By Miriam Raftery
November 14, 2017 (Jamul) – Even after the Gate Fire in Jamul and other blazes started by shooters on public lands endangered homes locally, target shooting in dry, brush areas on public lands continues.
“Since the Gate Fire, we have had a noticeable uptick of illegal shooters along Proctor Valley Road, mostly in the north half,” photographer Debbie Merrill told East County Magazine. “I have found three areas now that they are using and leaving their trash and targets behind. One person or group was so bold as to actually haul in a hay bale to place targets on; within sight of the road. They are actually dragging targets into the grass (as you can see by the chair photo which had been on the dirt road) and shooting towards homes (at the top of the picture). “
Merrill observed, “A fire will run right up that canyon, especially with winds almost always blowing that direction. The grasses are tinder dry and not only is this plain dumb, but prohibited in the San Diego National Wildlife Refuge, Rancho Jamul Ecological Preserve (where two of the three sites are) and on private lands in the area owned by City of San Diego and Otay Ranch.”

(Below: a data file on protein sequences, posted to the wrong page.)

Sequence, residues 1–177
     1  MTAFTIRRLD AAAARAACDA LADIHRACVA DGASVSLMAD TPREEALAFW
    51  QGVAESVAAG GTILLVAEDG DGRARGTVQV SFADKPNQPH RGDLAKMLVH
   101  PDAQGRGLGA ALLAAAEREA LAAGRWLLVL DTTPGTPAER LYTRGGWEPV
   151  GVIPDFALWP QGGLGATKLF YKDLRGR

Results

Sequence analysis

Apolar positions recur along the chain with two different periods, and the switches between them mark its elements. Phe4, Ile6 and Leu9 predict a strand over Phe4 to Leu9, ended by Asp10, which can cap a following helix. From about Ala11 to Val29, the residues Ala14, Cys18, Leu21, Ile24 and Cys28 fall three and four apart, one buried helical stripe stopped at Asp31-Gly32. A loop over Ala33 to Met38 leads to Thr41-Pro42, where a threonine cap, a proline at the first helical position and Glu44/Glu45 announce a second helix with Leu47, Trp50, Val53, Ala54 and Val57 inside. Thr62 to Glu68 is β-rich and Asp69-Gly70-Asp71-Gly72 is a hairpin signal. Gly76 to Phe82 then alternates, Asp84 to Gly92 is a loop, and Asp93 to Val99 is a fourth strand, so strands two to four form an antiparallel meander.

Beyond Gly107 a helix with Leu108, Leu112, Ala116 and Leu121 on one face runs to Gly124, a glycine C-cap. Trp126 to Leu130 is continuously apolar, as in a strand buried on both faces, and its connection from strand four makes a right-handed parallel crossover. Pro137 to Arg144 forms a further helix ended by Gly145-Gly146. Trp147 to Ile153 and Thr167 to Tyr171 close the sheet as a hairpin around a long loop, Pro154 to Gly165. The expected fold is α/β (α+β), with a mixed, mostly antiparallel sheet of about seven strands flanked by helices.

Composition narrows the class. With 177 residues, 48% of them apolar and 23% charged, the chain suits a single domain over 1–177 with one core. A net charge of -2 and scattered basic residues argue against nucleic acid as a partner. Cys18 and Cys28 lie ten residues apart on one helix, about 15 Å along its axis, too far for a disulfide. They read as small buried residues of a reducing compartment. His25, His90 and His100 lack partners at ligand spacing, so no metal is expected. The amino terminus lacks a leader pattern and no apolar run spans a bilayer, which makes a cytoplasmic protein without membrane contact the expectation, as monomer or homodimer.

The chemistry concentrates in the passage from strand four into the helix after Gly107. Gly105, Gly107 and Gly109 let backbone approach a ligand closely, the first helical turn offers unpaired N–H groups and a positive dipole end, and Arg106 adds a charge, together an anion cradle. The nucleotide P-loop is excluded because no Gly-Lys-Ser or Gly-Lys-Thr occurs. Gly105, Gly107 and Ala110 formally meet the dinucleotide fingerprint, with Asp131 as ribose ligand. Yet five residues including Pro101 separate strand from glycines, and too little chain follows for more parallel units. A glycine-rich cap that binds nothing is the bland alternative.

The Jamul resident says the Sheriff has been called twice recently over illegal shooting, including young men shooting by headlights at night after illegally driving into the refuge and on another occasion, people shooting handguns at 5:15 a.m, says Merrill, who adds, “Both times after hearing the gunfire continue for extended periods and calling back, we were told they were having `shift change’ and no one ever came.” ECM asked the Sheriff’s department for comments but did not receive a reply.
As for the U.S. Fish and Wildlife Service, the federal agency rarely patrols the area due to budget cuts, according to testimony presented at a recent Jamul-Dulzura Planning Group meeting.
It remains illegal to shoot on most public lands locally and if caught, violators can be prosecuted and held liable for damages from any fire that they cause.
But for residents, that’s scant comfort. “Nothing seems to have been learned from current and earlier fires which is maddening for those who's homes may lie in the path of peril from these senseless acts,” Merrill concludes.